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How to create instant geothermal energy: Take one abandoned mine, flood it with water, wait for the surrounding rock of the mine to heat the water, and enjoy.
The idea of using abandoned mines to extract geothermal energy is already used in some communities in Europe and Canada, but it is not very widespread.
A new study by scientists at the McGill University in Canada has focussed on this method and estimates that geothermal energy from abandoned mines could help provide enough energy for about a million Canadians.
As well as providing a new form of cheap, renewable energy for the local communities, this method will relieve the burden of having to tend to abandoned mines, necessary to avoid coal mines catching fire. One example of a burning coal mine is that in Centralia, Pennsylvania, which has been burning for decades, forcing local residents out of their homes.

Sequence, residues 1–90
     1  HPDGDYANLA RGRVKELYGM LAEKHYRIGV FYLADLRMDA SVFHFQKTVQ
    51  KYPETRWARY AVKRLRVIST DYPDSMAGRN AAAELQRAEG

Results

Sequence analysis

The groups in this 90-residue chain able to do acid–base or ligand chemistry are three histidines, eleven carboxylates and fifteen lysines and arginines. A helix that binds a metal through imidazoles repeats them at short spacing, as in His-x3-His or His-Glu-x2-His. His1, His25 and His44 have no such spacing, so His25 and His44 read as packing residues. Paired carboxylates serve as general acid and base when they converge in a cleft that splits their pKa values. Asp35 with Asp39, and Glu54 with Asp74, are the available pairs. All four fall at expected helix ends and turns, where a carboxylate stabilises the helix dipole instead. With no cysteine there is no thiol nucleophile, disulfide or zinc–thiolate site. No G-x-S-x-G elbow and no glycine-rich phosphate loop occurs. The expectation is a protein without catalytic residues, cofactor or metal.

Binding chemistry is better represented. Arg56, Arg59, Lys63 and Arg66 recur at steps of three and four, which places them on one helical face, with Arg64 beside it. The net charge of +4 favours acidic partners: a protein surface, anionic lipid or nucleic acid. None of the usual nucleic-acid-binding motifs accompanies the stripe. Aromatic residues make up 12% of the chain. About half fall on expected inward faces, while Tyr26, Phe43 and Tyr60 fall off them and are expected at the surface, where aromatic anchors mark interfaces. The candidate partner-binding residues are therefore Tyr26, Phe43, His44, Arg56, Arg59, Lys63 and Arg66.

Seyed Ali Ghoreishi Madiseh, the head researcher at McGill, “Abandoned mines demand costly perpetual monitoring and remediating. Geothermal use of the mine will offset these costs and help the mining industry to become more sustainable.”
The McGill study has concentrated on shaft mines, but another similar study at Purdue University in Indiana also looked at the geothermal potential of strip mines. In Indiana coal mines account for about 186,000 acres underground and 284,000 acres on the surface.
Parts of Ohio, Pennsylvania and West Virginia also offer potential for geothermal coal mines.
By. Charles Kennedy of Oilprice.com
Charles is a writer for Oilprice.com